A new soft wearable robot arrives from Harvard laboratories that supports the movements of the arms in patients suffering from amyotrophic lateral sclerosis (ALS): similar to a vest, it is equipped with pneumatic actuators positioned under the armpits which inflate like compressed air balloons helping the upward movement of the shoulder.
The device, light and intuitive, is the result of a three-year project led by Tommaso Proietti, now a researcher at the BioRobotics Institute of the Scuola Superiore Sant'Anna in Pisa.
The results of the first tests on 10 patients were very encouraging, thanks to the robot they found better motor skills and less fatigue.
The findings are published in the journal Science Translational Medicine.
"The idea of the robot was born at Harvard University because there are pioneers in the field of wearable soft robots: after developing a line of research dedicated to leg support, in 2019 they hired me to work on the arms as well", Proietti tells ANSA.
In the space of three years, this new device took shape, which stands out from those currently available for its lightness.
"The wearable jacket, made with elastic and partially reinforced materials, weighs a few hundred grams, while the electronics, batteries and control part are integrated into a sort of belt that unloads its 3.6 kilograms of weight on the pelvis , making it easier to walk,” explains the researcher.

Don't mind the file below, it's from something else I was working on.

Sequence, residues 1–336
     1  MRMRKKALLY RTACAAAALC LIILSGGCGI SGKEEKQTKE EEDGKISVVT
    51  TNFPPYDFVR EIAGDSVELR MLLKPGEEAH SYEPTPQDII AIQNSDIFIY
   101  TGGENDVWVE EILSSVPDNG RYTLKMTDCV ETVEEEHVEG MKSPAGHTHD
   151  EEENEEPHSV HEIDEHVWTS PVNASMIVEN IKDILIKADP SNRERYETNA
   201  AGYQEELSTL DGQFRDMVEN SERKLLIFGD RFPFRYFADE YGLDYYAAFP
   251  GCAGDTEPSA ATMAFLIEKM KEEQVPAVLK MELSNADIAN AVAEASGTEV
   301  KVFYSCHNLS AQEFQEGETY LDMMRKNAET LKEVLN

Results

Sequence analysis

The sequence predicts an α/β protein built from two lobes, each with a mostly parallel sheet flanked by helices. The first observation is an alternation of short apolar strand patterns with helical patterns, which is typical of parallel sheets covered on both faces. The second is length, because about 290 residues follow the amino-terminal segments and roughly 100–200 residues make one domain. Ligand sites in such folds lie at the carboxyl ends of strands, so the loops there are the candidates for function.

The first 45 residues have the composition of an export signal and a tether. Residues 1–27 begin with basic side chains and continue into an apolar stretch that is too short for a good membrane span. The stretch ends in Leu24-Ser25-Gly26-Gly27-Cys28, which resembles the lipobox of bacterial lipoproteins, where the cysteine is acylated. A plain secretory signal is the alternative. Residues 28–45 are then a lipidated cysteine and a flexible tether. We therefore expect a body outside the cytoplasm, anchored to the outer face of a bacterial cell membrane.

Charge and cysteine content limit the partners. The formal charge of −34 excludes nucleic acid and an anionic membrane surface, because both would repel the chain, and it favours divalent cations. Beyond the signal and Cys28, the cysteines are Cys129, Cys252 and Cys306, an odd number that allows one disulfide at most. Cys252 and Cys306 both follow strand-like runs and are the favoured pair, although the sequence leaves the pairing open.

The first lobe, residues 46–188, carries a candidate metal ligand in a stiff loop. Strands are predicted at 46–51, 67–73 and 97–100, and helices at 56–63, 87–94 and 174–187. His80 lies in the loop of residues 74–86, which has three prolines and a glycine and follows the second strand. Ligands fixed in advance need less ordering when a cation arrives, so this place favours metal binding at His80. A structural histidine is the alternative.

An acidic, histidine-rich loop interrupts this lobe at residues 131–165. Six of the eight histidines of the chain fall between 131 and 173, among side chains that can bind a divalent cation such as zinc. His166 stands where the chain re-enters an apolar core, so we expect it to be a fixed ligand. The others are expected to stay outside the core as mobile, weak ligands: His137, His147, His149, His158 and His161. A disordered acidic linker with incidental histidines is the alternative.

To make robot control easy and intuitive is the presence of inertial sensors (similar to those of smartphones) which warn when the patient is trying to make a movement: within 30 seconds the system reprocesses the information and personalizes the control, inflating the actuators under the armpits in order to support and support the action taken.
“As the person begins to lift their arm, the balloons inflate and allow them to reach even higher, improving range of motion by an average of 30%. In our tests, a patient who had only 40 degrees of arm elevation was even managed to reach 80-90 degrees", explains Proietti.
During the trial, volunteers wore the robotic device to perform tasks such as drinking, grasping and moving objects.
The results show a significant improvement in performance with less muscle effort (measured by electromyography).
"The patients who tried the robot were very happy: they found it simple and intuitive and asked us to be able to use it right away", adds Proietti. "At the moment this is not possible, because it is only a university prototype ”, but the hope is that in the future a startup can be born to develop the product and bring it to the market.